One person can do it! One person can stand up and make it happen! Will you be that person?

Constant Anti-Gay Language

by Carly F.

Living in a very conservative community in Arizona, I found a lot of resistance trying to implement any program in my K-8 school to fix the constant use of anti-gay language that’s used there. After talking with both my school principal and the district superintendent, who made it known that they were against bringing anything focused on LGBT-bullying into my school or district, and researching the laws and court cases applying to Gay-Straight Alliances (which said only students in high schools had a right to start one), I soon realized starting a GSA at my school was not going to happen, at least not anytime soon. Yet, there was still a need for something like a GSA in the community. And so, I decided to start a GSA outside of school and open to anyone in my town who was between 10 and 18.

There were a lot of benefits to starting a GSA on my own, the most obvious and important being not having to deal with a school or some other organization in convincing them to do it. Another great thing about it was that myself and the other youth who joined (all my friends so far, but we hope to expand soon) got to make pretty much all the decisions about what we do and how we do it without someone higher up having to rubber-stamp everything. Better yet, we wouldn’t have to deal with schools that want to try and pretend the GSA doesn’t exist or limit access to resources that other clubs may have.

But there were certainly drawbacks to starting a GSA on my own. The freedom of being practically on my own organizing it was also a negative, because I had to do a lot of organizing, including finding members and finding a place to meet. I originally thought that place might have to be at my house, but I didn’t like the idea because I wanted it to be a more public place, where strangers could come and join. And I certainly didn’t think someone who didn’t know me would want to come to a stranger’s house to join the GSA, as having it at a house would make it seem a little less legitimate. Luckily, my church has been really supportive in all the work I’ve been doing against heterosexism and LGBT-bullying (I know this may seem surprising, but I go to a pretty liberal church that’s open and affirming. We even have a rainbow banner up!). Anyways, they let me use the youth room to meet, which seemed like a much better option then my house, and the youth director gave me a lot of support in organizing everything, since he’s worked with non-profit immigration groups a lot and knew a lot about organizing and running meetings.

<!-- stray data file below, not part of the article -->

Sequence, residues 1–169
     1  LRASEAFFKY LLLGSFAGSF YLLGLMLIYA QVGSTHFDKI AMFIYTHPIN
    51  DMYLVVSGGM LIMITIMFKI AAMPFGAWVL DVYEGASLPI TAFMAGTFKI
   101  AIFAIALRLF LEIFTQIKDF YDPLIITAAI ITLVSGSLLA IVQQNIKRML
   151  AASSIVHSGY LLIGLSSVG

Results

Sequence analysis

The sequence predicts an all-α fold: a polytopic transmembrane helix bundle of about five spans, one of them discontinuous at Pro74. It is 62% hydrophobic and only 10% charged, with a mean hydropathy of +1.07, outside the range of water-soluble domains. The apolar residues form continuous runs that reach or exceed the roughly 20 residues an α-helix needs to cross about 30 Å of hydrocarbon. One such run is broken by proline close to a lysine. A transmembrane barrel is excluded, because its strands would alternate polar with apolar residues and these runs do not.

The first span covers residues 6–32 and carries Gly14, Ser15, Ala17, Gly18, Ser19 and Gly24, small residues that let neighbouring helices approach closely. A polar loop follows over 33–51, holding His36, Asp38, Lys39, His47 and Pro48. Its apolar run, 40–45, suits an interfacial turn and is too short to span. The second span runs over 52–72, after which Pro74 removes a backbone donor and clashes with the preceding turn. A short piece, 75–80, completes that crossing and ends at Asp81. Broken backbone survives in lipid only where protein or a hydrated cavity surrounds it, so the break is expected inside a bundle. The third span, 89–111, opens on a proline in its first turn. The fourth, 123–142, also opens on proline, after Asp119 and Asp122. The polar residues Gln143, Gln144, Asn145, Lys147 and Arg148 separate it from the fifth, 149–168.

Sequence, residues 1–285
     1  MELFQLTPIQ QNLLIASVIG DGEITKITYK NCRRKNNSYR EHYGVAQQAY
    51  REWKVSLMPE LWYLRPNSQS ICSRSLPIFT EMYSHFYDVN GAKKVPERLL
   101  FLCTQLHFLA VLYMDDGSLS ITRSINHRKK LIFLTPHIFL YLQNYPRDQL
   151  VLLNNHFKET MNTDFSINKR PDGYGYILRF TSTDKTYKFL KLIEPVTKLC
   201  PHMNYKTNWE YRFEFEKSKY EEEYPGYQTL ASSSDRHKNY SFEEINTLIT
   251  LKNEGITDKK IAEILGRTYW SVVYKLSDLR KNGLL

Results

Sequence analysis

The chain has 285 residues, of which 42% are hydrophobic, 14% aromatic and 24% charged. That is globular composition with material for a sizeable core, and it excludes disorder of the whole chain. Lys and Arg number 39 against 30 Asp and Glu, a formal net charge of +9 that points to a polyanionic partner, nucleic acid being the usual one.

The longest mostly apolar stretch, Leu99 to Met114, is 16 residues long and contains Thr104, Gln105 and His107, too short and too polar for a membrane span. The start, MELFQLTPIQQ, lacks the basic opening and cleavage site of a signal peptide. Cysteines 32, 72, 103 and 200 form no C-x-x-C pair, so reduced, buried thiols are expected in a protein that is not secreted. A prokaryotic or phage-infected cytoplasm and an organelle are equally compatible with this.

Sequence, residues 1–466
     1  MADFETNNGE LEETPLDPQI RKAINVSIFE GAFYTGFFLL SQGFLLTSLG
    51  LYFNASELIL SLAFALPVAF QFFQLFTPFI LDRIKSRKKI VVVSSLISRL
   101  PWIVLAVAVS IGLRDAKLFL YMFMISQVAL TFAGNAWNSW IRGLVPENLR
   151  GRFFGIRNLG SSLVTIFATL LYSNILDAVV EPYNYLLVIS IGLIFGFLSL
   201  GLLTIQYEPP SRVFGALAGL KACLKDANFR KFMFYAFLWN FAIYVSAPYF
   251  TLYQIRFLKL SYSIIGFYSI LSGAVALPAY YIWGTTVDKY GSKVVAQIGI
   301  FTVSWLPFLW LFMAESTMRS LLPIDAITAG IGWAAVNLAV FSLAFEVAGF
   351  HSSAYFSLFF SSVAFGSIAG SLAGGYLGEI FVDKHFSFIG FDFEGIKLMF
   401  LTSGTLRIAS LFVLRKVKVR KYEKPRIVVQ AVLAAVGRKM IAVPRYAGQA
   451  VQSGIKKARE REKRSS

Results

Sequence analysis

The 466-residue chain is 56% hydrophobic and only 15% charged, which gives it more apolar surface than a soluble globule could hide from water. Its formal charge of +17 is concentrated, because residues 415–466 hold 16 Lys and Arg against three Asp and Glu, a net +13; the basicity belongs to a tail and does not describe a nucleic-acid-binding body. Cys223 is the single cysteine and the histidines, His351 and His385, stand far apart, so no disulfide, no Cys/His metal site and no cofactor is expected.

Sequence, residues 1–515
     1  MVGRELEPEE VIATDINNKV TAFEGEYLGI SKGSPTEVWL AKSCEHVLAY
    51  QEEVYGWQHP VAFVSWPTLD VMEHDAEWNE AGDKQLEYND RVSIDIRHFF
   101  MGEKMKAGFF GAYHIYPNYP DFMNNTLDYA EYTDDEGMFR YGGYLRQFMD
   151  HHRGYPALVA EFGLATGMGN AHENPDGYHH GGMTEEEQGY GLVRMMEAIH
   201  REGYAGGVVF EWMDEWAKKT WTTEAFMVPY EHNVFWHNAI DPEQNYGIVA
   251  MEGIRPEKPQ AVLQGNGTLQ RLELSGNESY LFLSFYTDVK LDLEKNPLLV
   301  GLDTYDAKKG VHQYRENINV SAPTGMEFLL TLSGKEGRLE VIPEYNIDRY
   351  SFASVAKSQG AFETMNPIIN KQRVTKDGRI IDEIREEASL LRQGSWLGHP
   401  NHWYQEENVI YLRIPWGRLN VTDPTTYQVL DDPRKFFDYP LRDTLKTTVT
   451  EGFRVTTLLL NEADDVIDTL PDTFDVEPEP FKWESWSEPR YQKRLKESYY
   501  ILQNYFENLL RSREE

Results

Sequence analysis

Eventually, we had our first meeting, which consisted of me, my sister, three of my friends, and some pizza. In the small youth room with Think B4 You Speak posters from GLSEN that I had hung up, we discussed what our mission as a club would be, and how we might accomplish our goals. We’ve met a couple times after that, gained one new member, and have held a celebration of National Coming Out Day and Ally Week. Our goals for the future are gaining more members, talking to our school board about implementing programs and/or comprehensive policies that will help prevent LGBT-bullying, and trying to get the school to allow us to participate in the Day of Silence. We also want to partner with the Open & Affirming committee at my church to host a panel for the community on the subject of “What if my kid is gay?” which will hopefully help parents of LGBT teens become more accepting and supporting of their teen’s identity, or just give them helpful information.

I feel like our GSA, though quite small, has the potential to do a lot of things. We’d like to thank the Make It Safe Project for helping us work towards one of our goals, educating the community about LGBT issues, by sending us books that will hopefully be made available to teens in our community. And I would definitely encourage any kid who wants to start a GSA to not give up. Just try and find someone or some organization or group in your community that can support your goals, and you’ll be able to do it and make a huge difference in your school or community.